Title Page of Shakespeare's First FolioLIFE Photo Collection
If you've ever marvelled at the dawn or at moonbeams, if you've ever been discontented or disheartened, or if you've swaggered or grovelled, you've used the language of Shakespeare. Yet besides his literary legacy, Shakespeare has left very little to history.
We don't know when he was born, or even how to spell his name (is it Shakespeare, or Shakspeare, or Shakspere, or even Shaksper?) but we do know where he lived and worked, so join us as we travel England in the footsteps of The Bard.
Tradition says Shakespeare was born on the 23rd of April 1564 in Stratford-upon-Avon. His parents John Shakespeare and Mary Arden certainly lived in this house, which today is recognised as Shakespeare's Birthplace. 'Birthplace': another word we owe to him!
King Edward VI School, Stratford-upon-Avon
As a boy, it's almost certain he attended King's New School in Stratford - the only school for miles around. The schoolroom was in the upstairs floor of the fifteenth-century Guildhall, which even today retains its eyecatching wattle and daub architecture.
Anne Hathaway's Cottage
At the age of 19, Shakespeare married the 26 year old Anne Hathaway, who lived here with her parents. The ceremony was made in haste and, lo and behold, six months after their marriage Anne gave birth to their first child, Susanna, soon followed by twins Hamnet and Judith.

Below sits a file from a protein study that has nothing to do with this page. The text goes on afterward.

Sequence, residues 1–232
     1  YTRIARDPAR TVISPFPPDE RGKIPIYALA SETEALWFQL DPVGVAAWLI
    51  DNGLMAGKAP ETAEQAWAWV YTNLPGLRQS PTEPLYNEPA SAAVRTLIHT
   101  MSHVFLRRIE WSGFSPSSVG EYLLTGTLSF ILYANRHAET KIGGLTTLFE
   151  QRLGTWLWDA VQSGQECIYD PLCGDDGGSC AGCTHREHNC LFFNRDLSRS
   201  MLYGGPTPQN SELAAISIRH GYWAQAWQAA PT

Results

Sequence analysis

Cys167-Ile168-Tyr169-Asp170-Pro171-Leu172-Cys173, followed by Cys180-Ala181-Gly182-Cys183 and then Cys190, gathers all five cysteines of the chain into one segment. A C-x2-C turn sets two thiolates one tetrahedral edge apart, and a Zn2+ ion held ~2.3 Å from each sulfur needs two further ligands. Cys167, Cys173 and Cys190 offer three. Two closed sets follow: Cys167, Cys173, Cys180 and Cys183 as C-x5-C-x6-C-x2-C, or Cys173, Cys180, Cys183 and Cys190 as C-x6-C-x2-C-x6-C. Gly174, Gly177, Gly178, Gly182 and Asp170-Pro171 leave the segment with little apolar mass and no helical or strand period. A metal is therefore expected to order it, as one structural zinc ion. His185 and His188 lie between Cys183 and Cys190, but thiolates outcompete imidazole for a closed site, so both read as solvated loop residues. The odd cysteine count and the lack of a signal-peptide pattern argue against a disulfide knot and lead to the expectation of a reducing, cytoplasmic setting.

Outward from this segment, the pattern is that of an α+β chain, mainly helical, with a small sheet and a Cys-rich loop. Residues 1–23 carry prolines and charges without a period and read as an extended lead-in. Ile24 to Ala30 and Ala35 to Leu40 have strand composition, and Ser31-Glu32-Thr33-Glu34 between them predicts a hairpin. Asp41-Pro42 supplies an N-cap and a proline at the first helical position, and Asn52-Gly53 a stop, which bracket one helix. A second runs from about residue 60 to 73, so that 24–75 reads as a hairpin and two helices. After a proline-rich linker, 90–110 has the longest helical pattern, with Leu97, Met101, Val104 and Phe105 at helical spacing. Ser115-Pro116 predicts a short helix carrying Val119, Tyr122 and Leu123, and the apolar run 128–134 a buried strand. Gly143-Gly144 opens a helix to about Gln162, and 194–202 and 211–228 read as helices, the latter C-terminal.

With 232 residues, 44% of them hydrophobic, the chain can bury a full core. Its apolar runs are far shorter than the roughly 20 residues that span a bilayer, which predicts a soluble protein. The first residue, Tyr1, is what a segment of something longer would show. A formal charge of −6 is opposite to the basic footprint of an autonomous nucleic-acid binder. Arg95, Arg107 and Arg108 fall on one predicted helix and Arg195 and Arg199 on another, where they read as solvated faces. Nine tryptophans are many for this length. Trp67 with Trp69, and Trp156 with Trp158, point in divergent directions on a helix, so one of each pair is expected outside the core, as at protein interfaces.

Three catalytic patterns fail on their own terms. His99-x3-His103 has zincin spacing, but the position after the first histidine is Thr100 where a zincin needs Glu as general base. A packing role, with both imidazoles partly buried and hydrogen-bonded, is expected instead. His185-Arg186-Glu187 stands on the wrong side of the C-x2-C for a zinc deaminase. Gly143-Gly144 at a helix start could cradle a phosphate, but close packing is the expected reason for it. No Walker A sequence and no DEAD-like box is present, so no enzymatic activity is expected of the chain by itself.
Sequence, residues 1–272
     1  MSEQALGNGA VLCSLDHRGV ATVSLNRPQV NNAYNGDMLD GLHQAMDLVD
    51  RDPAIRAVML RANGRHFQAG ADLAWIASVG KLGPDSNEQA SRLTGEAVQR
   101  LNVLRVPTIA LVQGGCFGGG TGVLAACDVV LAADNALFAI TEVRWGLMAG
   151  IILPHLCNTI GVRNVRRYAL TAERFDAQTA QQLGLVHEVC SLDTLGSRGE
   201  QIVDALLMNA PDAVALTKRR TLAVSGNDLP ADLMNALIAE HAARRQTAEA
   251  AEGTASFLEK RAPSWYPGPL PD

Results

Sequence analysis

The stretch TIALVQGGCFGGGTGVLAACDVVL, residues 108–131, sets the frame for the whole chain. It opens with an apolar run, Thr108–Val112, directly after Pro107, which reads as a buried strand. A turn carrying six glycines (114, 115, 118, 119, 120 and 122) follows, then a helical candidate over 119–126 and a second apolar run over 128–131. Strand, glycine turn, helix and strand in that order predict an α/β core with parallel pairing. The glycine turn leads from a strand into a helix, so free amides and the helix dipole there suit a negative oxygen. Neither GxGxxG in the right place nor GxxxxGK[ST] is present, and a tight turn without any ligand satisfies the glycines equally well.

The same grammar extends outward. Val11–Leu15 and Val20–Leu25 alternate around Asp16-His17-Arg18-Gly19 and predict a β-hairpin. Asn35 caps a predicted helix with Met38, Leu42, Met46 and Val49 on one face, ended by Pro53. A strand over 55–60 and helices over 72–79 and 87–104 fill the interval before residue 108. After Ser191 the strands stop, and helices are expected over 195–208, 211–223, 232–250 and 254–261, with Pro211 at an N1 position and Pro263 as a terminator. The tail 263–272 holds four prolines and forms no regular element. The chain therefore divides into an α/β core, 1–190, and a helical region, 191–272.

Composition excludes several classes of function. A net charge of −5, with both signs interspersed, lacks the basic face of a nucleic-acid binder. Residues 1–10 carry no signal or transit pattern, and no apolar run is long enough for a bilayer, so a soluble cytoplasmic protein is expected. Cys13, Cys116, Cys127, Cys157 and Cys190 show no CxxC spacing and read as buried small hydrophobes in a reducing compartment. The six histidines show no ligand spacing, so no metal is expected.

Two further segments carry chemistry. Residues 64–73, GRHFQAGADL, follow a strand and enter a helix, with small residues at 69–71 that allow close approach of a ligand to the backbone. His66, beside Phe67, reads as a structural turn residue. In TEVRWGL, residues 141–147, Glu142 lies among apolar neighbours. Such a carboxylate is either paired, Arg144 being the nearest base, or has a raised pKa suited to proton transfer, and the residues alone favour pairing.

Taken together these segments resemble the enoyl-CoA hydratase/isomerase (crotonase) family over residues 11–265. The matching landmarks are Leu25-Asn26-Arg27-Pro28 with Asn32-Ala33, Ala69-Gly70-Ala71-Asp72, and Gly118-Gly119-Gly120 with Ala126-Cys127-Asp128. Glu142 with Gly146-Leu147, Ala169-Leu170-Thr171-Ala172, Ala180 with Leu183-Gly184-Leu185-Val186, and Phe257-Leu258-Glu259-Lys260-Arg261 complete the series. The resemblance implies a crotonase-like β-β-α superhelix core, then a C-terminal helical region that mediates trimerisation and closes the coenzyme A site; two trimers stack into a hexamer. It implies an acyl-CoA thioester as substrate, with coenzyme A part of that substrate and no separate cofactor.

The Guild Chapel
The years between 1585 and 1592 have sent us packing on a wild goose chase. There are simply no records of Shakespeare at all, he seems to have vanished into thin air. Fanciful claims and folk stories say he was on the run from the law, others say he was simply a rural teacher.
St Helen's, Bishopsgate
By 1596, Shakespeare was well-established as a London playwright. The Lord Chamberlain's Men were regularly performing his plays. At the time, he was living in a house in living in the parish of St. Helen's, Bishopsgate, near the modern-day Lloyd's Building.
Shakespeare was clearly doing well for hismelf, as in 1597 he bought New Place, the second-largest house in his hometown of Stratford. New Place is now demolished, but you can get a sense of how it once looked by looking next door to Nash's House. Speaking of which...
Nash's House is a classic example of Tudor architecture, with exposed beams and brick, and black and white paint. Incidentally, Nash's House was the home of Shakespeare's granddaughter Elizabeth Hall and her wealthy husband Thomas Nash.
In 1599, following a dispute with their landlord, some of the Lord Chamberlain's Men decided to build their own theatre in Southwark on the south bank of the River Thames and beyond the restrictive laws of the City London.
This modern reconstruction stands only metres from where the Globe originally stood. Stood in the pit, you begin to get a sense of what it was like to witness Shakespeare's plays for the first time.
By 1604, he had once again moved north of the river, to an area around St Paul's Cathedral, perhaps near modern-day Postman's Park. Here, he rented rooms from a French Huguenot named Christopher Mountjoy, a maker of ladies' wigs and other headgear.
In 1607, his daughter Susanna married John Hall, a physician. Hall's Croft was built in 1613, only three years before Shakespeare himself died. While Shakespeare's infamous second-best bed went to his wife, it's likely the best one was sent here, to Susanna.
Audience at the Royal Shakespeare Theatre awaiting a performance of Othello (2015-07) by David Tett (C) RSCRoyal Shakespeare Company